“Solid job growth and favorable interest rates will drive a strong demand for housing next year,” Kutzkey said.
“However, in regions where inventory is tight, such as the San Francisco Bay Area, sales growth could be limited by stiff market competition and diminishing housing affordability,” Kutzkey continued. “On the other hand, demand in less expensive areas such as Solano County, the Central Valley, and Riverside/San Bernardino areas will remain strong thanks to solid job growth in warehousing, transportation, logistics, and manufacturing in these areas.”
CAR Vice President and Chief Economist Leslie Appleton-Young said that there may be a shift in sales to more inland areas of the state in 2016.
“The foundation for California’s housing market remains strong, with moderating home prices, signs of credit easing, and the state continuing to lead the nation in economic and job growth,” Appleton-Young said.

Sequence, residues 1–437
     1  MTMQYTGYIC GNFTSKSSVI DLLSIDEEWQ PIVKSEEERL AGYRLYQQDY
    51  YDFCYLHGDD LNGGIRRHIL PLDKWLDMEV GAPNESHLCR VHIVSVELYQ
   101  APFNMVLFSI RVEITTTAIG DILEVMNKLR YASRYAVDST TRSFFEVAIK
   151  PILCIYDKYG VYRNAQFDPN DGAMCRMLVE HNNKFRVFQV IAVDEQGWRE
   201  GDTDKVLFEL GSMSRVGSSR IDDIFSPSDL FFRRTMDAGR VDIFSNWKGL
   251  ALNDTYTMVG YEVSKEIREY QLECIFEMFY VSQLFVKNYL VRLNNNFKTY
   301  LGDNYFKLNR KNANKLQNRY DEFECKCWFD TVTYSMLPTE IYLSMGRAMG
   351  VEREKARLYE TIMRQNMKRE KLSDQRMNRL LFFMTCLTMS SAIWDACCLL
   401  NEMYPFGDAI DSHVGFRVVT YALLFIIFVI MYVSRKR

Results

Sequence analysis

“However, the global economic slowdown, financial market volatility, and the anticipation of higher interest rates are some of the challenges that may have an adverse impact on the market’s momentum next year,” Appleton-Young added. “Additionally, as we see more sales shift to inland regions of the state, the change in mix of sales will keep increases in the statewide median price tempered.”

Friday, September 25, 2015

San Francisco Rents Hit Another Milestone Peak

San Francisco metro area residents paid record median rent in August, but there was a glimmer of good news: the pace of year-over year rent increases rose at the slowest pace since June 2014, Zillow said Tuesday.

The Zillow Rent Index for the San Francisco metro area stood at $3,313 in August, up 13.3 percent from August 2014.